Friday, August 18, 2006

Riding in the Rain


And there was a LOT of rain. We also had a little hail.

But it was totally worth it.

I spent most of Saturday in Cripple Creek Colorado at the 19th annual POW/MIA recognition ride.

First I have to say that I have a great admiration for anyone in the service. In 1975 I missed the draft by 30 days and was very happy at the time. I was no where near mature enough to be in the military and if I had ever been sent to combat I would have probably gotten myself and several other people killed. So the government really dodged a bullet when I wasn't drafted.

The truth is I still haven't matured enough to enlist. Fortunately for me I can use my age as an excuse now.

I have no idea what the actual percentage is but it seems to me that most bikers over the age of 45 are ex-military. So there was a lot of pride (and rightfully so) displayed in Cripple Creek on Saturday.

I rode up with my biker friends Freedom and his wife Sally. They are definitely loaners when it comes to the bike thing. They don't ride with just anyone, I suppose they've just taken pity on me and allow me to tag along with them. This is an event that they have been going to since the beginning, this is my 4th year.

We left very early in the morning to get up to Cripple Creek in time to get some good parking. It's about an hour ride and at 7:00am going up the mountain it was cold. There's nothing like a wind chill around 5 degrees in August to wake you up. I can tell you it's more effective than caffeine any day!

And thank God for that cold weather! It meant that people had to actually dress warmly to be hanging out up there. That meant (mercifully) that none of the nasty women could put themselves on display. There is nothing that causes me to lose my interest in people watching faster than seeing 3 overweight women in row wearing tight clothing the should have the label "Omar the Tent Maker" on the tag.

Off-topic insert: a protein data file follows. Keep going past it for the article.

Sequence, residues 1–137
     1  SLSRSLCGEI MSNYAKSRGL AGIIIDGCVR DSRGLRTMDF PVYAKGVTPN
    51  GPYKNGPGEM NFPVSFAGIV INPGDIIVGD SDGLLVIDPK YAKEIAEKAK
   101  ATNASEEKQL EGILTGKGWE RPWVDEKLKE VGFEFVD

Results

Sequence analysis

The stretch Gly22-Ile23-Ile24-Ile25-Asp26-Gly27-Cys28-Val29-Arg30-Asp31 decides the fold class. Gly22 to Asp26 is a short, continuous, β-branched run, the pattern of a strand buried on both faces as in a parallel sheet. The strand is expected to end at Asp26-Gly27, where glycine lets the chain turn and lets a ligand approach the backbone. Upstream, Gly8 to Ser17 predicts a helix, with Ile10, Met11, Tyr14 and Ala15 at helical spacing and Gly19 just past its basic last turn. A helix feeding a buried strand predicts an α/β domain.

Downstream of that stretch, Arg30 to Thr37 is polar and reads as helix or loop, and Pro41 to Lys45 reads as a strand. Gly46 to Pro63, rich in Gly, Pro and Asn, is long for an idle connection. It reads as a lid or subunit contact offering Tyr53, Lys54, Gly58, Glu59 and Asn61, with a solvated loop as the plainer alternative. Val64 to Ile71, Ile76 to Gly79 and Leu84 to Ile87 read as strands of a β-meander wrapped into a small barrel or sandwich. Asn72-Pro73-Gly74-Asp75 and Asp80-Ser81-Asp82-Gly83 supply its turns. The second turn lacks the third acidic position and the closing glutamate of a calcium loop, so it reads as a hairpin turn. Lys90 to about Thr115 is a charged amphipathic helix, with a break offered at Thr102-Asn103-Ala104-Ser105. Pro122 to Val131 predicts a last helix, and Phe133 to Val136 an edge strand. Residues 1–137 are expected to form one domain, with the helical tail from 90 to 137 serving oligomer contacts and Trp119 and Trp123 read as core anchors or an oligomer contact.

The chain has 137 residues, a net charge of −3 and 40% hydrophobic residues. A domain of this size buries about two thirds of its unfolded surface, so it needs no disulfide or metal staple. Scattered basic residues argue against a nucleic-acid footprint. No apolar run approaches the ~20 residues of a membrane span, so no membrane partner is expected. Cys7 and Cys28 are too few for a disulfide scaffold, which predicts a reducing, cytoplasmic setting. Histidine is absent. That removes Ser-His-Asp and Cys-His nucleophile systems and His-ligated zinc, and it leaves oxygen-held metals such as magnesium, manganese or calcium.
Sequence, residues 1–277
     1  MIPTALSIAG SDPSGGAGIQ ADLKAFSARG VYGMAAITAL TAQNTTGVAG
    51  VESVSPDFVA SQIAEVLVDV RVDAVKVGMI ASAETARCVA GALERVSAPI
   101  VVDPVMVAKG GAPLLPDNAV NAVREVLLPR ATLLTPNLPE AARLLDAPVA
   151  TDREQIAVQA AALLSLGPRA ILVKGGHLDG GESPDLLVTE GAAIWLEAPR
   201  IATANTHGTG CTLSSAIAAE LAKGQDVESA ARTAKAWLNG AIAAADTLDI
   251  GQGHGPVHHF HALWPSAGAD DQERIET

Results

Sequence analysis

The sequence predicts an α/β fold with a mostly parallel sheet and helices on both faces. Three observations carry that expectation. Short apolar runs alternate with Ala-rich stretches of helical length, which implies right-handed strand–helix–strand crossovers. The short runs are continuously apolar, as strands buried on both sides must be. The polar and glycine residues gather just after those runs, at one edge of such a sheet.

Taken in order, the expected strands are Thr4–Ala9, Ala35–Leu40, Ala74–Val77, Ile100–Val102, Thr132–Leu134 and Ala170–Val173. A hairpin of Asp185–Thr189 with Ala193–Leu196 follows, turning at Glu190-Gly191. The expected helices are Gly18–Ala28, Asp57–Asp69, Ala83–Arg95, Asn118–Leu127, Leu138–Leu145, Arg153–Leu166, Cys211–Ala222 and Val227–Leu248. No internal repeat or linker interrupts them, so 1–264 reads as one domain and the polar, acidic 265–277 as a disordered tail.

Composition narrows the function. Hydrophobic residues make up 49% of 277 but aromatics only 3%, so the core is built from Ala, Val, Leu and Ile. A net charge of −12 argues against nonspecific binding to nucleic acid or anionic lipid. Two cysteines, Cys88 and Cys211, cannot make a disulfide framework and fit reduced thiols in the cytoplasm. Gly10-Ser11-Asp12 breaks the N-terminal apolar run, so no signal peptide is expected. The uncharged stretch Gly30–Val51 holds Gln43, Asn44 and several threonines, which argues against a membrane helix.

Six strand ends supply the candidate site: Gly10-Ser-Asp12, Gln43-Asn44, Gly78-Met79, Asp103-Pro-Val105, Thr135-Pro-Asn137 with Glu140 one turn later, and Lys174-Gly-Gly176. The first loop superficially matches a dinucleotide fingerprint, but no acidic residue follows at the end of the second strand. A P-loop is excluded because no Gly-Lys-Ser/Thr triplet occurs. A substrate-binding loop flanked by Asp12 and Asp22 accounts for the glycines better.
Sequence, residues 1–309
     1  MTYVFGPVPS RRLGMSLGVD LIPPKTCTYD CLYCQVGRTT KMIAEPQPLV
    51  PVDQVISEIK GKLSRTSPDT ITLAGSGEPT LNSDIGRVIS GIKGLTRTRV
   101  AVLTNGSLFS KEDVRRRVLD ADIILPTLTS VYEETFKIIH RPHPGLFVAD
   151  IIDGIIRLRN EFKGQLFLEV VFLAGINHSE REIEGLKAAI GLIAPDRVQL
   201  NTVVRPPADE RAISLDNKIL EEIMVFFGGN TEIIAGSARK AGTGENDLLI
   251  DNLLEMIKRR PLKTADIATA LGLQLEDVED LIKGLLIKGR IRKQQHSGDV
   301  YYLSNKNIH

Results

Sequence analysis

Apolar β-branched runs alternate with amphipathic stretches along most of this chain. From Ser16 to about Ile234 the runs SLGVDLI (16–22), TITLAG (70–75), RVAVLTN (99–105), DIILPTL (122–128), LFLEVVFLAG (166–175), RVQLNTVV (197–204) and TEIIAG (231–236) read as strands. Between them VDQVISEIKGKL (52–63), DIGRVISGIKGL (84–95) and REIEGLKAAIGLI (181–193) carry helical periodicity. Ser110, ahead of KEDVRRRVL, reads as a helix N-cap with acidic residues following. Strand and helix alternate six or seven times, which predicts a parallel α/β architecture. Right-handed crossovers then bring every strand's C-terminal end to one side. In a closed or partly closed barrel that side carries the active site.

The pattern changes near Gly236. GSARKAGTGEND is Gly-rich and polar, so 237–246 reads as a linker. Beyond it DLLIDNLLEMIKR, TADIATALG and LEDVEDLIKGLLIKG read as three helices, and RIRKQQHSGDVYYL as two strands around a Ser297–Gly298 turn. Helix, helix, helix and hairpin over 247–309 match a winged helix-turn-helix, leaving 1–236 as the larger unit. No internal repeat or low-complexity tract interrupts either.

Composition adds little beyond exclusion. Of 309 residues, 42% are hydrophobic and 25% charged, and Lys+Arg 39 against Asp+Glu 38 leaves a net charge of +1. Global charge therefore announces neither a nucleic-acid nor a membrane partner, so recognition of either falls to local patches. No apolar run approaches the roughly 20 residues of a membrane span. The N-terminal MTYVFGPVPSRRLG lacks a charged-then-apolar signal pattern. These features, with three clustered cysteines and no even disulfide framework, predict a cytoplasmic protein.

That doesn't mean I didn't see weird looking people.....

I saw a guy that had skin that was actually gray. He looked like someone had shrunk his skin onto his face because you could see every bone in his skull. I've never seen anything like it. If he was in Africa they would have just cut his head off and left it at that!

The there was the midget that was out with the doo rag, leather coat and all the patches. There was no way that guy was a biker. He couldn't even reach the peddles!

Then there was the 60+ year old severely overweight woman wearing a halter top with her breasts exposed at the (yikes) bottom. Now I know I said it was cold but this women had a layer of fat a seal would have been jealous of. That's why she was able to wear that ridiculous looking halter top.

And that was just in the first 30 minutes.

For the first time we went to the opening ceremony. It was like being at a Catholic mass, without the kneeling. Stand up, sit down, stand up, sit down, geez; can someone make a decision!

It was really quite interesting and they did honor some POWs that had been invited for the weekend. There was on guy that was a World War II veteran. He actually survived the 1945 Black Hunger Death March. Here's a brief description I found on the net from another survivor:

By early 1945, the war was going badly for the Germans, and the Russian army began approaching from the east, so the Germans decided to move the POWs farther west. On February 5, 1945, we started on our BLACK HUNGER DEATH MARCH. This march numbered about 6000 men.

During the day, the prisoners marched four or five abreast. At night, we were herded into nearby barns with any luck. Often, the farmers would not let us into the barns, as they thought we would contaminate the animals with our lice and fleas and dysentery. We often slept on the ground. I remember that, at one place we stopped for the night, the ground was so covered with the feces of the group who had passed before us that we tried sleeping standing up against a tree.

We walked from morning till night every day. This was through one of Germany's worst winters.

We were wet most of the time either from snow or sleet or cold sweat. We got frostbite. We only had GI shoes, overcoat, cap, and winter underwear. Also we had two blankets. Four of us stuck together for protection and to share whatever food we could find. We slept together to try to keep warm.


What they don't tell you is that this was an 80 mile march over 80 days. As far as I'm concerned that guy had a bigger pair (if there was anything left of them) than any man I've ever seen.

There was also a POW from Korea that actually looked like Abe Lincoln. They actually called him Abe; absolutely amazing.

So after the ceremony it was time for a quick lunch. Then when it started warming up and the clothes started coming off, it was time to ride home. We rode through a pretty hard rainstorm and as I said in the beginning; we even got some hail.

And the best part?

Not one person waived.....

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